JS: You’re currently first in oval NiWCS, and second in road DWC. Is it possible that you can get both titles?
RT: I think it’s way too early to start thinking about that as we’ve only ran three races. I’m not a driver that really thinks about the points long term; I just go out there and treat every race as a single event with the aim to get the best result possible.
JS: You’re obviously one of the best, what words of advice can you offer to people who are looking to get better, or just starting out in sim racing?
RT: I’d disagree with the first part to be honest with you. There’s so many good drivers out there, I never like to think of myself in that way. But my advice to anyone that wants to get better is just be smart about it and don’t fall into the trap that so many people do. Too many people in this hobby give-up early because of the fear they won’t ever have the success they think they deserve. I’d also say a lot of guys out there make the mistake of blaming everything but themself if they end-up coming short — it doesn’t matter if it’s setups, driving styles — people will find something to blame.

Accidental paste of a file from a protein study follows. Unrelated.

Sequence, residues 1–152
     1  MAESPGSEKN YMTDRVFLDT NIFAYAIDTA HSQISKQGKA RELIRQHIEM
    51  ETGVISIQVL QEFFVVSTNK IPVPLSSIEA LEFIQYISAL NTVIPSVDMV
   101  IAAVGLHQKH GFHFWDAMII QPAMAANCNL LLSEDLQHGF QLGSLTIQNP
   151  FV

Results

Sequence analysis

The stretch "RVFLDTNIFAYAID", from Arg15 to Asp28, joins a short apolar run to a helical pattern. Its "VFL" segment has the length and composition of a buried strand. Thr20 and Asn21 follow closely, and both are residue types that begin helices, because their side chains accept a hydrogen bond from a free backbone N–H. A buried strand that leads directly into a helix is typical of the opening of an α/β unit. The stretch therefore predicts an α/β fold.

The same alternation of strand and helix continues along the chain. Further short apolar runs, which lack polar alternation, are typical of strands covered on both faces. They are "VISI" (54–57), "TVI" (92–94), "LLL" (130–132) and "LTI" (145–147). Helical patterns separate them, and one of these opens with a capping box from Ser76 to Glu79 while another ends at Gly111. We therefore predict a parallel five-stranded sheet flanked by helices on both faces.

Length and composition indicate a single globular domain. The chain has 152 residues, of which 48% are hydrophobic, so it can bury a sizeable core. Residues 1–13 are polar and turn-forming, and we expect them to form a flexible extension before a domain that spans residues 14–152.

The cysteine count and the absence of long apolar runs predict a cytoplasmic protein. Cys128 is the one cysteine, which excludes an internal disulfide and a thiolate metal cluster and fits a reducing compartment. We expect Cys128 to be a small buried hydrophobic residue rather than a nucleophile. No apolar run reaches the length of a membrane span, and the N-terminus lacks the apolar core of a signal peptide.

But the nature of this hobby means no matter what background you come from it’s not about the money, it’s not about joining the best team and having the best cars as everyone has equal equipment and the exact same opportunityies as everyone else. It’s down to you and only you, which is hard to take for some.”
JS: How have you progressed in your sim racing career?
RT: I started playing video games as many years ago as I can remember but I didn’t end up racing online until 2003. I got together with a few guys I had met while racing online with GTR2002 and we started to organize some races for fun. I was OK at the time and then another friend asked me to run an actual league race with NASCAR 2003 and it went from there. I had the raw pace, but it took a few years to really refine it I think, and still to this day I think I’m improving, as you have to. The competition is always making steps forward and the moment you get complacent you fall behind. But saying that, I never expected any real success from doing this and everything I’ve achieved so far and currently continues to be a surprise to me.